With that in mind, I’ve spent the past few weeks speaking to women who have returned to work after having children and also women who have chosen to stay at home.
It seems everyone has a story to tell, and the majority of them are sadly negative. Here’s some quick stats on what I discovered:
- 3% wanted to change their working pattern when they were due to return to work
- 75% of employers were accommodating to their request to change their working pattern
- 50% say they felt pressure to do the same job / hours as they were working before
- 9% felt like that had to compromise on career choices to have their family
- 7% felt like they had to choose between having family vs progressing up the career ladder
Here’s some of our respondent’s thoughts:
“Although I went back to work on an agreed part time basis, after a month my job was changed and I was moved to a high pressure role that was impossible to manage effectively on part time hours. I had to handover work to colleagues so that I could leave on time which made them feel resentful towards me. I was a relatively new mum, under a huge amount of stress. I was spoken to by a senior manager who told me that my job was not a job for women with children. After 8 months, I resigned from my job having decided that my own health and family were more important than a stressful career. I was not supported at all in returning to work in a flexible way. My family and I moved to a cheaper area and I started my own business. In the time since I have left (5 years) I know of many, many mothers in a similar situation who have left their jobs in the same industry.”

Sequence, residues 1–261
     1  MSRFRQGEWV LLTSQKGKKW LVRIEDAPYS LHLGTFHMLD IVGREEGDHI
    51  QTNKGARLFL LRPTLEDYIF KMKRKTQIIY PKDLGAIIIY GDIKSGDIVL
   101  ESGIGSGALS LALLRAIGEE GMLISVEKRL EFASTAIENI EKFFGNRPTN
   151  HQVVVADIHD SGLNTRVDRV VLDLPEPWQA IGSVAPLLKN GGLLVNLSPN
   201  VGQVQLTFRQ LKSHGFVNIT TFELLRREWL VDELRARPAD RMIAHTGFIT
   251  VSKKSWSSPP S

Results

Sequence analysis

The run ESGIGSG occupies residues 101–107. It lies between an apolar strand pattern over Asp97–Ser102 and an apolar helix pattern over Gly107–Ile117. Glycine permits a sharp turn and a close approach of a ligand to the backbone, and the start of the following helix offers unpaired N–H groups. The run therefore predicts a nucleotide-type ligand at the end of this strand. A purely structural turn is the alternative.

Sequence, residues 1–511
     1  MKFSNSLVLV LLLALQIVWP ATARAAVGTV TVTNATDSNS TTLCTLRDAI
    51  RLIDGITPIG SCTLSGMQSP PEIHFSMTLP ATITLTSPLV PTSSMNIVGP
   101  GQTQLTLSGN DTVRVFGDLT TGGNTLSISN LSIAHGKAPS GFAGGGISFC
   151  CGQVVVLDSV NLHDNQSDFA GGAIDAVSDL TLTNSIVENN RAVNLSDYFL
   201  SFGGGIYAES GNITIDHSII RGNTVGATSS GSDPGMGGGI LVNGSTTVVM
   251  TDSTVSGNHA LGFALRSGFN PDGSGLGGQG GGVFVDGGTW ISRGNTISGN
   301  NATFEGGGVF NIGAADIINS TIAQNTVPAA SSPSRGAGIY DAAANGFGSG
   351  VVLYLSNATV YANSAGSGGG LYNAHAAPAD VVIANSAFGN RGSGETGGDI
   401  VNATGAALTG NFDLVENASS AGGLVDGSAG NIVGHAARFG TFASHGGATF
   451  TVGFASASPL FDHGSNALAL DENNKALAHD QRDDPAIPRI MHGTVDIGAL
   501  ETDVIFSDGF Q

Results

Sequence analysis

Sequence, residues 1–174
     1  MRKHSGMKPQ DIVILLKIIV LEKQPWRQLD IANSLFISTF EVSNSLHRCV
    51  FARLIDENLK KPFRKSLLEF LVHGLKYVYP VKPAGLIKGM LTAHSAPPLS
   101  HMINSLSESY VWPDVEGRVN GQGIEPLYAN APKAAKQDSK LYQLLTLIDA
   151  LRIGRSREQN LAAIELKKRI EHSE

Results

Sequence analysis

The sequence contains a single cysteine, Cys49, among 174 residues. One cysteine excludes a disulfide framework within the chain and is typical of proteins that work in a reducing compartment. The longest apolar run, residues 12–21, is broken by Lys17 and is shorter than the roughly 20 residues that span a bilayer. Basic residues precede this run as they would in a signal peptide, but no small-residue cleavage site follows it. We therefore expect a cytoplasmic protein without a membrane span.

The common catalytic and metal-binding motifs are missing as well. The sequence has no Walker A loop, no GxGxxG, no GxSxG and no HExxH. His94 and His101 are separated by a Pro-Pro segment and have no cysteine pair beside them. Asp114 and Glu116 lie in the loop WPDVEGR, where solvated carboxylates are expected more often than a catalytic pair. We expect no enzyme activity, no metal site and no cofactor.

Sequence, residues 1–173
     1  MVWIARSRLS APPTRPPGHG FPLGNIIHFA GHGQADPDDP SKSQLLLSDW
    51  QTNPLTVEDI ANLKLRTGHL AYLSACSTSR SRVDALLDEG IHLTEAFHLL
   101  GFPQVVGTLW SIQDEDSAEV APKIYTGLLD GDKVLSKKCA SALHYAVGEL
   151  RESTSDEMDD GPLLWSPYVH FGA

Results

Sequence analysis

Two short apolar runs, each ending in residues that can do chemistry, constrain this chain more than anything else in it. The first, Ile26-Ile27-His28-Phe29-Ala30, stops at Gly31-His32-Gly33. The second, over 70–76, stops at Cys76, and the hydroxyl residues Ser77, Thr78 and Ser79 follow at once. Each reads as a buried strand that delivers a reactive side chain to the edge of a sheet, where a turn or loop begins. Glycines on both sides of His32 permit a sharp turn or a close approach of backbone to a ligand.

“Extremely hard and frustrating. Often inflexible. Added pressure on yourself as you want to challenge yourself and return back to “normal” after having children.”
“The two do not complement each other! Feel undervalued in both.”